A cybercriminal group dubbed the Florentine Banker Group launched advanced business email compromise (BEC) attacks on leading Israeli and UK financial firms, stealing $1.3 million dollars in just four separate transactions.
Unlike a basic BEC where an attacker sends one or two emails posing as an executive in the victim organization, the Florentine Banker Group stole email credentials and lurked for two months before diverting important wire transfers worth millions of dollars, a new report by Check Point Research shows.
According to Check Point, only $600,000 was recovered via some emergency intervention immediately after the attack.
“People need to understand that these attacks happen fast,” says Lotem Finkelstein, Check Point’s threat intelligence group manager. “In most instances, once the wire transfers are made, they are lost for good; our clients were lucky to even get half of their money back.”
Finkelstein says Check Point had been watching the activities of The Florentine Banker Group for at least six months before his firm started working with the victims last December. The targeted companies are three large UK and Israeli financial sector firms that weekly transfer large sums (in the millions of dollars) to new partners and third-party providers.
Here’s how the attackers pulled it off: Phishing emails targeting two top officials were sent over several weeks, and they only occasionally added new people to the list of targets until they finally gained access to the victim’s email account.
Once the attackers gained control of a victim’s email account, they were able to read through their emails to understand the different channels used by the victim to conduct money transfers, the victim’s relationships with other third parties such as clients, lawyers, accountants, and banks, and finally, key roles inside the victim company.
Finkelstein says the next step was to isolate the victim from third parties and internal colleagues by creating malicious mailbox rules. In this case, emails with pre-defined words such as “invoice,” “returned,” or “fail,” would be moved to another folder not commonly used by the victim, such as the RSS folder.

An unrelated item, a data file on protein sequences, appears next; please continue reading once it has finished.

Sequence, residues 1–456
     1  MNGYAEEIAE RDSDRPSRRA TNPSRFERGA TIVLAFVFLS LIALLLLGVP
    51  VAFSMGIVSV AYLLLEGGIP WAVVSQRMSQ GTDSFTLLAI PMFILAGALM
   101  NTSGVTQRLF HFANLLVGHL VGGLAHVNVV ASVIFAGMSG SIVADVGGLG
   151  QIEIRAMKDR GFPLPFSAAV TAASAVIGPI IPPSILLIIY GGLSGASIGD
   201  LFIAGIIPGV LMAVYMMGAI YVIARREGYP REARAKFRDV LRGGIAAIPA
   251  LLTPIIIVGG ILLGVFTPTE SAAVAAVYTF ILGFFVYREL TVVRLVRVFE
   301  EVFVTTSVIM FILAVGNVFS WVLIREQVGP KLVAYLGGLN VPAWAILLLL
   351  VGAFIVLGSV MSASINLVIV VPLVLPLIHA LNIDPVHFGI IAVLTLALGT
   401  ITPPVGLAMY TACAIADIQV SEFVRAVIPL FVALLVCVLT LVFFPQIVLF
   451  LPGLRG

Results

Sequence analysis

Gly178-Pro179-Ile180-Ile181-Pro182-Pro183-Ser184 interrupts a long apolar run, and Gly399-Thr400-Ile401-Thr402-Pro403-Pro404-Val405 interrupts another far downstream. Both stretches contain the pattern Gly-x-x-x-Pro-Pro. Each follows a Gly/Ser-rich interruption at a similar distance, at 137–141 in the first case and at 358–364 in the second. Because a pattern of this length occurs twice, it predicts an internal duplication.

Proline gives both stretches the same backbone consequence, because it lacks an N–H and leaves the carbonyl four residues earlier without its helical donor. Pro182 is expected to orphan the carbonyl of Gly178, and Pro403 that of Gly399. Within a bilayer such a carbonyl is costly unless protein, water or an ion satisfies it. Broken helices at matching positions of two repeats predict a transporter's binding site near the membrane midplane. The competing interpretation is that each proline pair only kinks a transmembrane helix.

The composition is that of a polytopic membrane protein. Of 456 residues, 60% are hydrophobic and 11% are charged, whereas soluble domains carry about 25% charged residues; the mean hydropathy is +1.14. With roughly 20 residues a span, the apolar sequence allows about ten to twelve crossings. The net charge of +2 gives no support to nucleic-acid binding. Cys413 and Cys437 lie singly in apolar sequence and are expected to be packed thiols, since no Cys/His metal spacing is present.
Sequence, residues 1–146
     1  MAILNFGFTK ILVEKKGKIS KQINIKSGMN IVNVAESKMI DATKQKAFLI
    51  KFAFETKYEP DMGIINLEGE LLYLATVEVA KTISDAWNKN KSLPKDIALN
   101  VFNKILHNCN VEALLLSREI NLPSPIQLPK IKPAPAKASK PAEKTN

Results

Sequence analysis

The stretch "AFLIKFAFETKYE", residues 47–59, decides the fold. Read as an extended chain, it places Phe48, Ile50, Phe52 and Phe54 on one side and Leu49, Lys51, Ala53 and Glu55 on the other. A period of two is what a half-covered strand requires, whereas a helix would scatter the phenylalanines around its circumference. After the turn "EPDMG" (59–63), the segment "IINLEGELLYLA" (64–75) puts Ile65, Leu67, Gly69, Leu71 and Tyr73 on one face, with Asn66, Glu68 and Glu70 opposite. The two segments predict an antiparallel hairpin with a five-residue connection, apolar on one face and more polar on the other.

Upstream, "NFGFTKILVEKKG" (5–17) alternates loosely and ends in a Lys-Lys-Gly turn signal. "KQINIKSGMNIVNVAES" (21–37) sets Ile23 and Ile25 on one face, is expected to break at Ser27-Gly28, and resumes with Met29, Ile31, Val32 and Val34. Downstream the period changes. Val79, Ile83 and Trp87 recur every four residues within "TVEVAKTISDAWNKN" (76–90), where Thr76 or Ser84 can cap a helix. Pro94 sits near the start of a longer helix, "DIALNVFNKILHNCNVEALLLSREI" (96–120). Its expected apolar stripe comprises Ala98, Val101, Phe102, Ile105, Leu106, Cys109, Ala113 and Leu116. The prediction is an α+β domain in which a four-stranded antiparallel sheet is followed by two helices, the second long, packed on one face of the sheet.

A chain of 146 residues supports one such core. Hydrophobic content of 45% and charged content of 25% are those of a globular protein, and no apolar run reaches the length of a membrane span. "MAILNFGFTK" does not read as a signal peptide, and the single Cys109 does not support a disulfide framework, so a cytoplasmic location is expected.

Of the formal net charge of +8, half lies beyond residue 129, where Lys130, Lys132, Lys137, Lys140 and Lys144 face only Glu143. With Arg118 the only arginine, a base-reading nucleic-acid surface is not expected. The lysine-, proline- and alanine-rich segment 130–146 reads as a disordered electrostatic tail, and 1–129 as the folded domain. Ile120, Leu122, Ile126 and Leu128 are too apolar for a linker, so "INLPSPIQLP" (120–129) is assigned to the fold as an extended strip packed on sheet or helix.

“The attackers would only move over a couple of emails into the RSS folder, move them in a way that they wouldn’t be noticed by the victim,” Finkelstein says.
Richard Henderson, head of global threat intelligence at Lastline, says at this point the attackers had total visibility into the victim’s email. So they could wait until the email authorizing a wire transfer was sent, interrupt it, and then send the wire transfer instructions to a bank account held by the fraudsters.
In one case, the attackers noticed a planned transaction with a third party in which the firm suggested using a UK bank account speed up the process. However, the company that was to receive the funds transfer said they didn’t have a UK bank account. The attackers then saw an opportunity: they provided an alternative UK bank account via a phony email and intercepted the payment.
“It’s very ingenious how these schemes operate,” Henderson says. “Most of us have a couple of hundred emails that we get every day so we wouldn’t miss one or two emails if they were diverted to a hidden folder. To the victim, everything looks normal, they don’t find out about the stolen money until the bank or the business partner calls 30 days later and asks what happened to the payment.”
While ransomware gets a lot of the press, BECs are big business for hackers and deserve a lot more attention, says Peter Firstbrook, a research vice president at Gartner.
Firstbrook adds that the FBI recently reported that there was $1.7 billion stolen in BECs in 2019 alone. That’s a massive amount of money compared to the $144 million stolen in bitcoin from ransomware attacks over the past six years. In the most prolific cases, a BEC cost Toyota $37 million and Nikkei $29 million.
So how can organizations protect themselves?
Check Point’s Finkelstein says while organizations must always deploy an email security solution, they can’t rely on technology alone. They have to consider the human factor. This includes training the staff on how to spot bad links and fraudulent emails, and setting up processes where the people responsible for large wire transfers add a second verification factor by either calling the person who asked to make the transfer, or calling the receiving party.
Lastline’s Henderson adds that companies need to set aside their top people and educate them on the need for multifactor authentication. He says when CEOs or CFOs make their confirmation calls, they have to have the direct office phone or personal cell phone numbers of the receiving parties and be really sure they are speaking to the right people.
“There’s more money in cybercrime than most people realize,” says Lastline’s Henderson. “You’re not looking for a needle in a haystack, you’re really looking at atoms in a haystack.”
Steve Zurier has more than 30 years of journalism and publishing experience, most of the last 24 of which were spent covering networking and security technology. Steve is based in Columbia, Md. View Full Bio